Despite these doubts, the real problem turned out to be how one can bring a system into a thermodynamic state known as population inversion. This ensures that a sufficient number of the atoms or molecules composing the active medium are in excited states so that the probability of stimulated emission becomes significant. A term coined to describe this non-equilibrium scenario is “negative temperature,” because mathematically, such a system can be described by an absolute temperature less than zero.

To reach and maintain population inversion, early masers exploited inhomogeneous magnetic fields which directed excited molecules toward the resonant chamber while rejecting molecules in the ground state. The setups used by the Soviets in the early 1950s were less efficient at selecting excited molecules than those of the Americans and led to slower initial development.

But after learning about the working maser from Columbia, the Soviets easily made up for lost time and were able to quickly offer their own contributions. And even prior to this, still in 1954, Prokhorov and Basov published on the subjects of optical pumping to obtain inversion and on an active medium based on an energetic three level system. Attesting to the Soviet’s ability to achieve independent results, these ideas became important during the subsequent development of the solid state laser.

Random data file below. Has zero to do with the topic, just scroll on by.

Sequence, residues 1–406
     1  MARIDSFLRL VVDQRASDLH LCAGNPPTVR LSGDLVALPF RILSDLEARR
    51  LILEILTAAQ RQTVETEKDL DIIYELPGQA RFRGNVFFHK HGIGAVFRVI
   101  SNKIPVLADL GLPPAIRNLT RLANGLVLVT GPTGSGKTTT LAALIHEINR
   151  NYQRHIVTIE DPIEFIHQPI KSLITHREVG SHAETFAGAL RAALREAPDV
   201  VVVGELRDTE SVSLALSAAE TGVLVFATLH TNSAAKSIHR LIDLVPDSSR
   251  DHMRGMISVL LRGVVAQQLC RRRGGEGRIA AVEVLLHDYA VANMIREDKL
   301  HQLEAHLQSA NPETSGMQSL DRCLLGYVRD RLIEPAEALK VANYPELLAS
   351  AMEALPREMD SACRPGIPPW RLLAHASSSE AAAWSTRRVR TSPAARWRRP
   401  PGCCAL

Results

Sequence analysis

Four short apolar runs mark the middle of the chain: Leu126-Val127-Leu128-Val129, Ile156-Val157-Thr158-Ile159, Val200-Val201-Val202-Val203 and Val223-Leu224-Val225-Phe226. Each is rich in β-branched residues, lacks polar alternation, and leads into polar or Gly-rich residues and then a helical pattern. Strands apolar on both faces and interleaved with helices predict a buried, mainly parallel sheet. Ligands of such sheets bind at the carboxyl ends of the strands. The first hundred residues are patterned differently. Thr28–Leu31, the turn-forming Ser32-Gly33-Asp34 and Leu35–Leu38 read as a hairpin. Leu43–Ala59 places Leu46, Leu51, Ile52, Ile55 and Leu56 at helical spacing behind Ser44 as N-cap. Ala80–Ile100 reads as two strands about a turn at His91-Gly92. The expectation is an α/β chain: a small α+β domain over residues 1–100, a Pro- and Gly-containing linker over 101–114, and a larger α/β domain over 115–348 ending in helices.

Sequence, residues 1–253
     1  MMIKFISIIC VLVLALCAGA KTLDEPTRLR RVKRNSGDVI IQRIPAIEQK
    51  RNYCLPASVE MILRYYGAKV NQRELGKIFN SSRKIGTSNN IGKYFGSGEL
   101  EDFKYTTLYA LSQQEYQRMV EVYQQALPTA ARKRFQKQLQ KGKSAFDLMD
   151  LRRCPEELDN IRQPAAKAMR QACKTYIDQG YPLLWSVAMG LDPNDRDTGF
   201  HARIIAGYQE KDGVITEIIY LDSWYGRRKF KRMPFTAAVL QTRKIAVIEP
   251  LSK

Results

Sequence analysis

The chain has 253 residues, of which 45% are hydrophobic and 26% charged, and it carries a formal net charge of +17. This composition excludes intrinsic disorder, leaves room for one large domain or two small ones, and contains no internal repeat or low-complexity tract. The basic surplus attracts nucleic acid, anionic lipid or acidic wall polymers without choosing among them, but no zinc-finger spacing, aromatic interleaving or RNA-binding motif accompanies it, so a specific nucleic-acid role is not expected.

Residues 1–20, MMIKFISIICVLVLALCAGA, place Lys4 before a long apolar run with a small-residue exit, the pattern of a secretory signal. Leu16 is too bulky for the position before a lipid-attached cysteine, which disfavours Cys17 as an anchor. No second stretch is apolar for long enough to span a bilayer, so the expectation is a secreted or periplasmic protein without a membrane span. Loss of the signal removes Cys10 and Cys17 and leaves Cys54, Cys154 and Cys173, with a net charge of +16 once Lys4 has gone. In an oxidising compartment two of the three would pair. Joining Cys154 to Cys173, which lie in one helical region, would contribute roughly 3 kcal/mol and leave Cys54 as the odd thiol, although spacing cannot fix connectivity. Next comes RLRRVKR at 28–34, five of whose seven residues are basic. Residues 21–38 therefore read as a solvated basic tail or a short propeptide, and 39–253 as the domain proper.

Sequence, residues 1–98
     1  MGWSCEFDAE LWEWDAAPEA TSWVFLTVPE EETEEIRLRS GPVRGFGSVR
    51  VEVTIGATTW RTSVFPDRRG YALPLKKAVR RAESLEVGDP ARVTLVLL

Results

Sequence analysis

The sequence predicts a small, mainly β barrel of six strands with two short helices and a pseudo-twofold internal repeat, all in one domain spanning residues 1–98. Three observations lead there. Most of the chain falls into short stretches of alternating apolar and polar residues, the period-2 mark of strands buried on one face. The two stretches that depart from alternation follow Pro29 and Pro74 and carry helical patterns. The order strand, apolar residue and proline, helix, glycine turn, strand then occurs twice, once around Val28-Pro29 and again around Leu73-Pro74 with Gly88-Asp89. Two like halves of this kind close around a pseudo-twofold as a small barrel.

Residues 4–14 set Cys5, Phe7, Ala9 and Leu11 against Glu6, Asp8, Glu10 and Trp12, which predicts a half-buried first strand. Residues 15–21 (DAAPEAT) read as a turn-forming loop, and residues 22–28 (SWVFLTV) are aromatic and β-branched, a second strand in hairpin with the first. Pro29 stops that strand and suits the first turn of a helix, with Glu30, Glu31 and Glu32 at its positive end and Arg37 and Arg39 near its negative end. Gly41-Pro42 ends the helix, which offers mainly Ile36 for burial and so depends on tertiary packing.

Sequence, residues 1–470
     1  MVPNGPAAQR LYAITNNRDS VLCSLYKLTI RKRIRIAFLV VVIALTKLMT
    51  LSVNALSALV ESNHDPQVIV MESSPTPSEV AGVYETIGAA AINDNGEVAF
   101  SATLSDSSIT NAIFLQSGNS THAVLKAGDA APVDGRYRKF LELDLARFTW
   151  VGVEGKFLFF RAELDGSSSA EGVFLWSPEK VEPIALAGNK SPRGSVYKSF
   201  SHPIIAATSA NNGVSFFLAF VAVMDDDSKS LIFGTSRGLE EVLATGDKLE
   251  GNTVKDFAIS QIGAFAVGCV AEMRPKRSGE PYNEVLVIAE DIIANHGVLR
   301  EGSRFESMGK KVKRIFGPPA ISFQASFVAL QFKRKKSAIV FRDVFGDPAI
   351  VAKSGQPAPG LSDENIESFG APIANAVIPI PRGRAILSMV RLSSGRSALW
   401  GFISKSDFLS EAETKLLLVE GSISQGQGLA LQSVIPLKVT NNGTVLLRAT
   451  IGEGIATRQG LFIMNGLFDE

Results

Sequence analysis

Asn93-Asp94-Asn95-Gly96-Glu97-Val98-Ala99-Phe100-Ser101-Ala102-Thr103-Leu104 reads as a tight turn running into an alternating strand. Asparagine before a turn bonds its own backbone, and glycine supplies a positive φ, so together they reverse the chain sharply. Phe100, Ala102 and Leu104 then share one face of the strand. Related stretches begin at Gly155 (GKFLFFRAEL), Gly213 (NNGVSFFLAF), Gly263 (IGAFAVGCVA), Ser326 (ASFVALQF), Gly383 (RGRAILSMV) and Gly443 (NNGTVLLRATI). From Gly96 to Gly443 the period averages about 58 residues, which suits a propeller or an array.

Prokhorov and Basov were initially informed of Townes’ achievement in 1955 during a visit to Cambridge, England, where they presented their own working concept of an ammonia-based laser. Watching from the audience, Townes commented on the importance of the Soviets’ work before stating that he and his group at Columbia had indeed achieved a working device based on these same concepts. Clearly, neither side had had prior knowledge of the others’ work and the meeting led to a long scientific and personal relationship. Each side was eager to hear of the experiences of the other, how problems had been dealt with and how further progress could be made.

At a conference on quantum electronics in the United States in 1959, Prokhorov and Basov had the opportunity to present further results and finally to tour Townes’ laboratory at Columbia and even make a visit to Townes’ home to meet his family. The friendship endured much in the following years, as efforts began to secure recognition for the invention of the maser, and lasted up until the end of Prokhorov’s life.